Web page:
Tag Archives: Yellow Flag

Next Week – Plans and Flowers

Yes, despite the outwardly chaotic appearence of my life I do have plans. Some of them (such as the Nobel Prize (Peace or Literature – I’m easy) are not likely to come to fruition. The oldest laureate was 90, so I still have time, but I fear that it may no longer be a realistic prospect.

However, assuming that the younger me had planned to become a middle-aged man with a weight problem and unrealistic dreams of winning a Nobel Prize, I think it’s fair to say we can consider that done.

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Cranesbill Geranium

You win some, you lose some.

The plans for the coming day include doing the laundry (I am now well enough to take up my domestic duties again). That’s according to Julia, anyway; I still feel another week of watching daytime TV while she brings me cups of tea is in order. I also have to buy the ingredients for a rhubarb crumble (apart from the rhubarb.)

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Nasturtium – once known as Indian Cress because it tastes like watercress

Apart from that, which I confess, is not an onerous list, I need to make something for tea (which will be a nice, easy salad)  and write a to do list for Julia. We ended up with four pages of notes on Friday morning. They are currently more of an avalanche of words and ideas, rather than a list.

By 4.30 this afternoon they will be a list – sorted by importance, season and financial implication.

Today’s pictures are more flowers, but this time I know the names.

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Yellow Flag

 

 

 

Yellow Flags, Ducklings and Swifts

Things are changing in Arnot Hill Park, the shrubbery has finally come to life, and the trees are in bloom. A pair of camera-shy Song Thrushes took cover in a horse chestnut as I approached and the trees were full of annoyingly elusive birds.

There’s nothing quite like yellow flags for cheering the heart, particularly when you’ve just been confined to the house. I like irises, and I particularly like the yellow ones so it was good to see them in bloom this morning.

As you may be able to tell from the photos, the water has changed colour to an exotic blue-green, while we’ve been away too.

There are ducklings about too – though they are a bit of a handful from the parenting point of view. The first ones I saw seemed to be attached to a pair of Red Crested Pochards but they made a rush for freedom, the adults swam off and the ducklings carried on by themselves. I think they may actually have been Mallards, as they seemed to stay with the adult Mallards.

Round the other side of the pond I found more Red Crested Pochards, this time with four ducklings. I’m amazed by how fast they are for such small things, particularly once you try to get the camera on them.

Incidentally, I’m back on the old camera as it’s easier to slip into my pocket and…well, to be honest, I can’t remember where I put the other one last time I used it. That’s how bad my memory has been during the last few weeks.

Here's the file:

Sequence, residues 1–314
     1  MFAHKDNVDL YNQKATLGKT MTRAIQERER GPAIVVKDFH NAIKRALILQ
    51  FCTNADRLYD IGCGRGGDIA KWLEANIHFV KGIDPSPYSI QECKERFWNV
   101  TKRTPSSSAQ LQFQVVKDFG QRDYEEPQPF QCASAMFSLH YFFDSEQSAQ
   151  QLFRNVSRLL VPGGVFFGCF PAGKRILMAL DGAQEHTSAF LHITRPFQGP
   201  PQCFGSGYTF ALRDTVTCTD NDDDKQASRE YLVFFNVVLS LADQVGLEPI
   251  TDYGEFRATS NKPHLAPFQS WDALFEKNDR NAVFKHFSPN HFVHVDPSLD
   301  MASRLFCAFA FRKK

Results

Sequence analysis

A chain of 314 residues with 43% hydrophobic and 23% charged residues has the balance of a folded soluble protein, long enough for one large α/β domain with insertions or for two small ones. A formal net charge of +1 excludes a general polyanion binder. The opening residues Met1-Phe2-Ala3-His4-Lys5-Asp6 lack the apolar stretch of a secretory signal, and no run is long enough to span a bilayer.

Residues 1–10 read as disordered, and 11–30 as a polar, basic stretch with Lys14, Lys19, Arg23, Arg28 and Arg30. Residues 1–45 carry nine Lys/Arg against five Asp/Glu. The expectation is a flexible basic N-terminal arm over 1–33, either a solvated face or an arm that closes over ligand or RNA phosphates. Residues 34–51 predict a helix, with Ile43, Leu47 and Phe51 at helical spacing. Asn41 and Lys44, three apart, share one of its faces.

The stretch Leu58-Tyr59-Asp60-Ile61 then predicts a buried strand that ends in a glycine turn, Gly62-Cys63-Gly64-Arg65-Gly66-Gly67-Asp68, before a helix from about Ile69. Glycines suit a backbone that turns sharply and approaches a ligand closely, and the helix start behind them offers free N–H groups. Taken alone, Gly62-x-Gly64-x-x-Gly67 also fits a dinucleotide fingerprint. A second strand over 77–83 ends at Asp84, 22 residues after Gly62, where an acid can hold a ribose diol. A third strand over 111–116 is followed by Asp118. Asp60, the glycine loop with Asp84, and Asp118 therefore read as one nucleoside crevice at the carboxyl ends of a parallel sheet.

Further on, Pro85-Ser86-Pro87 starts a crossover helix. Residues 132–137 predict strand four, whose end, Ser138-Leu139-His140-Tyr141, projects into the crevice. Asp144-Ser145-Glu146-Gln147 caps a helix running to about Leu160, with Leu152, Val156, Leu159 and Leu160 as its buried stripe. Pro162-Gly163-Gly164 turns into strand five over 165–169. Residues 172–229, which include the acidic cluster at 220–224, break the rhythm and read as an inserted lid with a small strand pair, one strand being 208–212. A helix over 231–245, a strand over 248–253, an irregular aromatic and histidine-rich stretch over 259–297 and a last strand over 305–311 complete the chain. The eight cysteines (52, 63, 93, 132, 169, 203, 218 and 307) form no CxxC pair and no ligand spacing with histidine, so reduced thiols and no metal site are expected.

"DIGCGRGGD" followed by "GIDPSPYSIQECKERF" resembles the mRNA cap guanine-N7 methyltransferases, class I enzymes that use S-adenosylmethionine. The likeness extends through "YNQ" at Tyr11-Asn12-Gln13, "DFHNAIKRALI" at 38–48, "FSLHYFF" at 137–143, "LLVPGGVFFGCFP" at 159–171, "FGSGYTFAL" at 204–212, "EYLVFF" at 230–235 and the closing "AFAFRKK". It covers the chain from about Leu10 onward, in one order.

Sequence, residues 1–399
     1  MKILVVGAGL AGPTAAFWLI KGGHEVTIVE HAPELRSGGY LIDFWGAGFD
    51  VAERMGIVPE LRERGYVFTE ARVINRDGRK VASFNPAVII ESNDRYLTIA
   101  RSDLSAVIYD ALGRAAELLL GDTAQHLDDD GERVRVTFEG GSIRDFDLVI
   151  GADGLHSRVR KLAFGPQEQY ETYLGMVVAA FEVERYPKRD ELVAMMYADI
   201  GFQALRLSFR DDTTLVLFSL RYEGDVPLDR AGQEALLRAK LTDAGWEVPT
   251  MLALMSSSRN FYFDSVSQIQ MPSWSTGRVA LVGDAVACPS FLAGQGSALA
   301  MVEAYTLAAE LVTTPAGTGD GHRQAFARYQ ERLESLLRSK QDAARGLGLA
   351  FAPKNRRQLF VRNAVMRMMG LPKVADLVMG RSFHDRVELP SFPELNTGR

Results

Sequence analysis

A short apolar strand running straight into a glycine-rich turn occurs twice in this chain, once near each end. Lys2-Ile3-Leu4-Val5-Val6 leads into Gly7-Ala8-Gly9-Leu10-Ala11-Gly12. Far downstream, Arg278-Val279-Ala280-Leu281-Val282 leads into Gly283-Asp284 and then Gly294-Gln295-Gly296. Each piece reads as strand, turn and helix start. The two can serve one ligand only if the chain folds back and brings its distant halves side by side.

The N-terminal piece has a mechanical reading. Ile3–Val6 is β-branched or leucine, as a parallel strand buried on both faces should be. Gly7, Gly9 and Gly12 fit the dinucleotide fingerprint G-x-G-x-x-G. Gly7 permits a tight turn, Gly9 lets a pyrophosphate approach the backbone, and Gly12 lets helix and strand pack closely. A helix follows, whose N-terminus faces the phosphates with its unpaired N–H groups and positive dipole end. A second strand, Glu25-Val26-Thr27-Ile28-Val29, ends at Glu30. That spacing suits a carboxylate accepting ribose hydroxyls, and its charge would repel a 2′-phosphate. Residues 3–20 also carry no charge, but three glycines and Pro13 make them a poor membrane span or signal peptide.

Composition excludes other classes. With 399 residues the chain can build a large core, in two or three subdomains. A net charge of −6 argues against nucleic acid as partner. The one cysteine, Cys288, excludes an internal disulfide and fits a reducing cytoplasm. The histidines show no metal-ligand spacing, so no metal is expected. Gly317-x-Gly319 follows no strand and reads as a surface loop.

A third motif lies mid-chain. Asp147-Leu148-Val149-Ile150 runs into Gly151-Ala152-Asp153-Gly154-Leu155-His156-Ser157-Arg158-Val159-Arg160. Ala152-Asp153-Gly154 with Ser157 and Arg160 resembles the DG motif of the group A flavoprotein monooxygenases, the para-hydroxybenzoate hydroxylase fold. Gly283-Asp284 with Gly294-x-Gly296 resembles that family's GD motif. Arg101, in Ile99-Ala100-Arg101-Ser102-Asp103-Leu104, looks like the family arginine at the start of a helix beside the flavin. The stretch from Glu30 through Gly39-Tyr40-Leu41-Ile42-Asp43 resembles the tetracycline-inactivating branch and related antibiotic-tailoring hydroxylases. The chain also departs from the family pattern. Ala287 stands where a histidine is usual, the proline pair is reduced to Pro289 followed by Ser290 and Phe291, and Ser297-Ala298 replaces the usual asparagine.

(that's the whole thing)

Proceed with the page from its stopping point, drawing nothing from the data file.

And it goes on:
Finally, alerted by high-pitched squeaks I found a family of Moorhens with four chicks. Two of the chicks swam across one of the islands and took refuge inside the wire bastions they use for extending the islands. It makes a nice secure cage for chicks, though the other two kept to open water. Typical kids, you have a nice safe cage for them and they make for open water.

There are also two Coots sitting on eggs, so there are more chicks to come.

Unfortunately the Mandarin seems to have gone, so no more Odd Couple.

The film clip shows a pair of Mallards feasting on unappetising scum. No wonder they do so well if they are prepared to eat that.

And finally – Julia was out in the street this afternoon when she heard screaming calls, Looking up she saw eight Swifts. Looking down again after a few moments of Swift watching, she found a woman staring at her as if she was mad.

Who can tell?

Back to Basics

All these specialist bird reserves are alright, but today it was time for a trip back to the duck pond. It’s not as exciting as reedbeds and saltmarsh, but you can pull in a visit between getting a new watch battery and buying the ingredients for meatballs instead of making a full day of it.

I haven’t been for a couple of weeks and it seemed emptier today, with no gulls and only a couple of Tufted Ducks instead of the normal 20 or 30. There were five pairs of Greylag geese, which is more than usual, though I doubt there is room for five nests on the island.

The Mandarin Duck was there again today, following the geese around. I’ve never seen him with a female so he may be lonely.

That, apart from the numbers, seems to be the main difference – they now seem to operate in pairs more than they have been. Apart from the pigeons. They just seem to operate as a mob, and as soon as I even thought of feeding anything they gathered like vultures using ESP. They can’t, of course, read my mind. If they could they wouldn’t be so keen to get that close to me.

The pictures include a Mallard drinking from a puddle at the side of the pond (presumably on the grounds that he knows what ducks do in ponds) and a Moorhen standing beside the shoots of yellow flags, one of the few signs of spring produced by plants in the park. The landscape shot uses the “Dramatic” setting, which could equally be called the “Dark”setting.

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“Dramatic” photograph